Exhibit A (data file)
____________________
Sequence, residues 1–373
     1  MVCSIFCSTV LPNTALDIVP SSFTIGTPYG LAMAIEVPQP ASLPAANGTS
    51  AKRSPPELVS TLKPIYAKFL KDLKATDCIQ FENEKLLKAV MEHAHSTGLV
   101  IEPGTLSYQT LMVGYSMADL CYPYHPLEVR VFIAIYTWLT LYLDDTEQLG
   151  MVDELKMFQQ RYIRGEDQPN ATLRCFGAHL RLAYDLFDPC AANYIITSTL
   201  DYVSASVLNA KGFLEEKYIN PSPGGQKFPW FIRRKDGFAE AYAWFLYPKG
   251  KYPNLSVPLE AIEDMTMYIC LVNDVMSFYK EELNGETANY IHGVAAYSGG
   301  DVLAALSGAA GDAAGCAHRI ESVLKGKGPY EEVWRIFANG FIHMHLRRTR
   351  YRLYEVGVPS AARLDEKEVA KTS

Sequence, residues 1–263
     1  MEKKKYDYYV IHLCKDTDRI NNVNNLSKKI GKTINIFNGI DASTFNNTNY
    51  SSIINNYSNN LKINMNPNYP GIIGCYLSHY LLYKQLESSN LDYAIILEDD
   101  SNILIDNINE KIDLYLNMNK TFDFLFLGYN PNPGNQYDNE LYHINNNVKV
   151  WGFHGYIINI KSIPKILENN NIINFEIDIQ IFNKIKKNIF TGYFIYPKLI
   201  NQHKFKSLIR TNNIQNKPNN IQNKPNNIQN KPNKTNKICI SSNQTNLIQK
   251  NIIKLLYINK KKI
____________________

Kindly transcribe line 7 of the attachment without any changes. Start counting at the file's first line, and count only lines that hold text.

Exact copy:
   251  KYPNLSVPLE AIEDMTMYIC LVNDVMSFYK EELNGETANY IHGVAAYSGG